Archaeo-ethnopharmacology of Psychoactive Plant Use in the Old World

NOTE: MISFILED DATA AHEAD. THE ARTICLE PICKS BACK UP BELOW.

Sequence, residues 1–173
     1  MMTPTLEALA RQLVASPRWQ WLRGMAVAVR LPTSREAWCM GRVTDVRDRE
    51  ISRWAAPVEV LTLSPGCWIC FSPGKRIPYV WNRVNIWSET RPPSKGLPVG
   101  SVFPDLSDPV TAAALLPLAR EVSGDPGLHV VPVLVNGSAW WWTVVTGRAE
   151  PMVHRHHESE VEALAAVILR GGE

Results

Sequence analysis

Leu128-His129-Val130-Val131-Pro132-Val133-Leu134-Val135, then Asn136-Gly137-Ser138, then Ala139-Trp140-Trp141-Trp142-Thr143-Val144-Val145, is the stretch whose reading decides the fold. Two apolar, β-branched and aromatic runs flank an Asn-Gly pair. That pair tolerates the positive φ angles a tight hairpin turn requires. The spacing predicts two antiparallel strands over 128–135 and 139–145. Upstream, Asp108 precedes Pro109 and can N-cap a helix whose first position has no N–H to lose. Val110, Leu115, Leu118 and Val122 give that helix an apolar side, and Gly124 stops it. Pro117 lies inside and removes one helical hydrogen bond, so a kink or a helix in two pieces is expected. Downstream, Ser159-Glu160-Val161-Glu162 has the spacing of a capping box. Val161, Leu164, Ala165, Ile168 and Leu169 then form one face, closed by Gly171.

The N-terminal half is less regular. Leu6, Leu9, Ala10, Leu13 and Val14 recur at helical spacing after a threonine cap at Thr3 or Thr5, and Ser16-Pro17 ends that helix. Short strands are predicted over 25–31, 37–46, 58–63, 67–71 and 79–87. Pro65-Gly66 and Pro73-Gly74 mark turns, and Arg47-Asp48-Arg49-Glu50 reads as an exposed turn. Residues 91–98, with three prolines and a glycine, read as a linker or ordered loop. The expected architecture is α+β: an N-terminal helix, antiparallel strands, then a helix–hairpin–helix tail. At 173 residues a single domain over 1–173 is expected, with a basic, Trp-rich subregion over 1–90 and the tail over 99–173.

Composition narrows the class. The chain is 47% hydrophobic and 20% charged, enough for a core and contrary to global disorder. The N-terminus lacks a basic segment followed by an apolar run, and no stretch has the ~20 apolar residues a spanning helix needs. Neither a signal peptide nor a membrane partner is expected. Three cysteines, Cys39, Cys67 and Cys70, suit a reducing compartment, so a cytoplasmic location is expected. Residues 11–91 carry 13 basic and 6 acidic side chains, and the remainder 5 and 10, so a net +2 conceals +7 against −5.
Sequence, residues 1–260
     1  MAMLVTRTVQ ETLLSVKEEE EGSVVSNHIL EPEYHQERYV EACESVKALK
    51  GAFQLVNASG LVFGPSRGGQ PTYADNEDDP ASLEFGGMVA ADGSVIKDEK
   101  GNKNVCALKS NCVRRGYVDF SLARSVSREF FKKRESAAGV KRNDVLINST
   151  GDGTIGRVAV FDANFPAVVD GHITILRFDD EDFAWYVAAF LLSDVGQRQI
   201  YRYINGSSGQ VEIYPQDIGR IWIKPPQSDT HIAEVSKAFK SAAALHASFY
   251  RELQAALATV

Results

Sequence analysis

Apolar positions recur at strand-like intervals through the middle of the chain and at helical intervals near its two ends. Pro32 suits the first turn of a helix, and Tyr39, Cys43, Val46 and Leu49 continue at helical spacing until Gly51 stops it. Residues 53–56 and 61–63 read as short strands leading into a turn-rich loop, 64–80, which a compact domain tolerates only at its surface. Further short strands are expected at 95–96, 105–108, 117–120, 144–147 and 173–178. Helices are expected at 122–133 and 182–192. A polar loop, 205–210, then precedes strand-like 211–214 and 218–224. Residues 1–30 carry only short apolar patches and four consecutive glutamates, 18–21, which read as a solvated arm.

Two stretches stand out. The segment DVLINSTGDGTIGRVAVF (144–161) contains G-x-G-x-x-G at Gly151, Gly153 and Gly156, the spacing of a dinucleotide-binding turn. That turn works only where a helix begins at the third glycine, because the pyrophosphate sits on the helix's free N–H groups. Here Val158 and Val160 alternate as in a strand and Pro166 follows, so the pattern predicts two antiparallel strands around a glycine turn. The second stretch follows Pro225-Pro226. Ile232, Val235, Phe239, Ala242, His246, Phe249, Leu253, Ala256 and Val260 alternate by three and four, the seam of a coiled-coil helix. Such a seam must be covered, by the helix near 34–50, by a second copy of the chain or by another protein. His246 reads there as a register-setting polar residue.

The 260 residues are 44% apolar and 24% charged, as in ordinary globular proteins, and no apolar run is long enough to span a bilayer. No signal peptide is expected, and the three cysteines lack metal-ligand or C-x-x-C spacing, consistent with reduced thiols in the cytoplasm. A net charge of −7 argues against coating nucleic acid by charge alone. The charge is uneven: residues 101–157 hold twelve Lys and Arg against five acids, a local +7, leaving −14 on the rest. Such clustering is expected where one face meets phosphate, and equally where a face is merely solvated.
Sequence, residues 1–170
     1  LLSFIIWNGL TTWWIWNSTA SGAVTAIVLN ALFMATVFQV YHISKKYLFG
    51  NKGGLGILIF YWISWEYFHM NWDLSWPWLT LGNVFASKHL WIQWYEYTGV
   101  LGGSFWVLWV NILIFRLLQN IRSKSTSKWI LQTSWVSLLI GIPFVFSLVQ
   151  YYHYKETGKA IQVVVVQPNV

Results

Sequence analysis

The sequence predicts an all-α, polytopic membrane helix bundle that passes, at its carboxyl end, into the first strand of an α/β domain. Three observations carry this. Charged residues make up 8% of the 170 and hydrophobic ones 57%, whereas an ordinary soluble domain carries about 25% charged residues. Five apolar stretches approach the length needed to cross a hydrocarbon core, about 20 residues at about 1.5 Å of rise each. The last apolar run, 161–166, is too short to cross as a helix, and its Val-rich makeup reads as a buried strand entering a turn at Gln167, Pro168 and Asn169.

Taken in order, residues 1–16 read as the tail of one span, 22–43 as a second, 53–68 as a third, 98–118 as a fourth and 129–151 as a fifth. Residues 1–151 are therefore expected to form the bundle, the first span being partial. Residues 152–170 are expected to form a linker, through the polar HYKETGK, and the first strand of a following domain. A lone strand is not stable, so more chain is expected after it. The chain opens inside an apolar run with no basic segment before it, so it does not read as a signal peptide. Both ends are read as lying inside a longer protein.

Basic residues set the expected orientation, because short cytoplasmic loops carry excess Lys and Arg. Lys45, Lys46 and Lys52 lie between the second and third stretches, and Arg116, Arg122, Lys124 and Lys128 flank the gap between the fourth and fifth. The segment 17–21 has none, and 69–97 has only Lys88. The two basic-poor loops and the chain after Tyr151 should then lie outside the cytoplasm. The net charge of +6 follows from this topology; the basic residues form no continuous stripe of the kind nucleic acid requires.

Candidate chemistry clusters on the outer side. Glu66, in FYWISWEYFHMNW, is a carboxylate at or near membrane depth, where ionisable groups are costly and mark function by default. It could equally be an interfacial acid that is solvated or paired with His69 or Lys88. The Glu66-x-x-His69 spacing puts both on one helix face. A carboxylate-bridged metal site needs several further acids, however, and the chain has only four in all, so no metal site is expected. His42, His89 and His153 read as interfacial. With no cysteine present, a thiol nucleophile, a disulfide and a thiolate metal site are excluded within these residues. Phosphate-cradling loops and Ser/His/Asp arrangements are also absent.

From ancient times, plant and fungi sources of psychoactive substances have been used by humans. Motivations for such use have included desires to heal or provide support in daily work, as well as to escape from life’s harsh realities and inspire the ritualized development of spiritual beliefs. Although there are a relatively large number of drug plants and fungi that are regarded as having had ancient mind-altering relationships with humans, only a few have been well documented in the archaeological record of the Eurasia. Examples referred to in this paper include (1) species in Ephedra, a genus generally categorized as comprised of stimulant plants, (2) Cannabis, a genus of closely related multipurpose plants that are sometimes classified as hallucinogenic or entheogenic, and (3) Papaver somniferum, the opium poppy species classified as an archetypical narcotic. All the plants, or their psychoactive secondary metabolites, that are highlighted in this study have drug use histories of varying adulation and condemnation. However, their traditional and modern use patterns of medicinal importance should not be obscured by their shifting status from the sacred to the profane. Shining some light on archaeobotanical evidence of their past use and status may alleviate some unwarranted disrespect or demonization.